Politics trades in symbolism, and it is no surprise that prime ministerial hopeful Narendra Modi would attempt to marry his modest origins story with the meanings contained in a cup of chai to woo voters. Modi took his “chai pe charcha” a step further. He used the tools made available by new technology to beam this “footpath parliament”, as he called it, to chai stalls in multiple cities.
But while Modi has been especially adept at weaving the opportunities afforded by technology into his campaign strategy — remember the 3D projections of the Gujarat chief minister at rallies during the 2012 assembly campaign to create the illusion of his presence — he is far from the only politician to have recognised the possibilities inherent in such tools. On Wednesday, UP Chief Minister Akhilesh Yadav announced a “talk to your CM” Facebook campaign.
New technology has always had an impact on how politicians communicate with their constituents. If radio and then television changed how leaders could reach citizens, especially during elections, social media presents another advance. It allows politicians to combine the virtues of traditional door to door messaging with the detached efficiency of mass communication by enabling them to scale up the personal and simultaneously address hundreds, even thousands, of voters scattered across the country.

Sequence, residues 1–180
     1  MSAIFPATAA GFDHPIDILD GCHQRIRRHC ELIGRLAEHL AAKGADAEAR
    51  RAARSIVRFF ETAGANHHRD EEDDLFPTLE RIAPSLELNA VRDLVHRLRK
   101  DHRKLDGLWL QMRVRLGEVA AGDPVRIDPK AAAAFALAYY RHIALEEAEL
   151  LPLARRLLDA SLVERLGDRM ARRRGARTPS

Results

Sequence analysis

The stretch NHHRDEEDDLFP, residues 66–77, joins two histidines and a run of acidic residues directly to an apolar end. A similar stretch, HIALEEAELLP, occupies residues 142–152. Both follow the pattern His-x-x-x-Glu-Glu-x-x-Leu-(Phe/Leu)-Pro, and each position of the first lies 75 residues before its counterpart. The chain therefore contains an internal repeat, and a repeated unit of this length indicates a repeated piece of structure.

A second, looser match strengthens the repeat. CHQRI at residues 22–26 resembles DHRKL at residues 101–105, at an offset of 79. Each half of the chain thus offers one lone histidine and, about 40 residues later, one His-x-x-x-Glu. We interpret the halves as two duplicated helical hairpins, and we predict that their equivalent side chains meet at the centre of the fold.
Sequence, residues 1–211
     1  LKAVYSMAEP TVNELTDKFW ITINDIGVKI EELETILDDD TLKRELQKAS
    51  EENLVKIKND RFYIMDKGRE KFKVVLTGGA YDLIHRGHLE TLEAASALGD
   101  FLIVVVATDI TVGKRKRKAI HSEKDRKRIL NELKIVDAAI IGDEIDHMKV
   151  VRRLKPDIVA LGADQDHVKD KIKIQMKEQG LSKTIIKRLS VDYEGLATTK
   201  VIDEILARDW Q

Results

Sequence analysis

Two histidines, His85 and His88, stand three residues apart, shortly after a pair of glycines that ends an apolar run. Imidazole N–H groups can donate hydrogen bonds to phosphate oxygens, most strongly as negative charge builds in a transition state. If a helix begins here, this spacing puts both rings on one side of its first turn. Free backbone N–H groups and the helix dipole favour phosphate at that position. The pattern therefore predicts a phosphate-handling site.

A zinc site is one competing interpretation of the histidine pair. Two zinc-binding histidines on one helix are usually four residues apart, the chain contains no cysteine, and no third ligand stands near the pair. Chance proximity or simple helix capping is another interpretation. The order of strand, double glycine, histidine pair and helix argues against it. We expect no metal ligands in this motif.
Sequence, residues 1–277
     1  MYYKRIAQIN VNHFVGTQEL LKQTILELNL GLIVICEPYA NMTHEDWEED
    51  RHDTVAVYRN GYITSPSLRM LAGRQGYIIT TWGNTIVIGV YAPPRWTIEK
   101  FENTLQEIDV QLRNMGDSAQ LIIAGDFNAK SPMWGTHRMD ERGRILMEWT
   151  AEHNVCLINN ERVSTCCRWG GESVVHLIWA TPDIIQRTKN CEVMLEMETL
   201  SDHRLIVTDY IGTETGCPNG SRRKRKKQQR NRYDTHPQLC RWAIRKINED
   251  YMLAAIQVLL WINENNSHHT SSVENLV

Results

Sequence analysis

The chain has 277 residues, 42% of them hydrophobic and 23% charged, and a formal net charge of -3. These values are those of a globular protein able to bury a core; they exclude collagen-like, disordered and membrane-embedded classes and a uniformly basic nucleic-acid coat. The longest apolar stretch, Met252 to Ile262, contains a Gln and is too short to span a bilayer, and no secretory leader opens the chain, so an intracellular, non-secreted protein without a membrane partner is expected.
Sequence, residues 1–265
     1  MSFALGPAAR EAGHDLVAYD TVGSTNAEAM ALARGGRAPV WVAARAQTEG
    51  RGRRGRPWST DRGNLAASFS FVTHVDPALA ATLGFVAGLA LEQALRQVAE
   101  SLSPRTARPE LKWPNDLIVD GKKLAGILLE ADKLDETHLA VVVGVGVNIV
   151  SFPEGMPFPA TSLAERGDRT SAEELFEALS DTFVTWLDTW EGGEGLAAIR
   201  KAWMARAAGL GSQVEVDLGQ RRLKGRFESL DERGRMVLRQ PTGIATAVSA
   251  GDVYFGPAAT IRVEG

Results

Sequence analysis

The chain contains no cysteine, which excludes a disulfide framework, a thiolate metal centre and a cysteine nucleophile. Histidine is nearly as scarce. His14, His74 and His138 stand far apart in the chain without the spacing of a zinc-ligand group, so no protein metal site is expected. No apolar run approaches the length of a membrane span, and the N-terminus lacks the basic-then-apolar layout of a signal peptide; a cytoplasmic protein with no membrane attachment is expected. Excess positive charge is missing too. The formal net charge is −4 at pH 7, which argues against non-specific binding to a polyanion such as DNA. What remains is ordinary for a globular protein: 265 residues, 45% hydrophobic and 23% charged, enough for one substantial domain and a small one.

Twitter and Google Hangouts offer another advantage. Politicians can set the agenda, uninterrupted by pesky cross-questioning. The interactive potential of social media can be harnessed to project the image of an accessible, accountable representative. But the level of control leaders can exercise over the discussion means that the spontaneity of such an interface is ultimately as much of a mirage as a 3D hologram.
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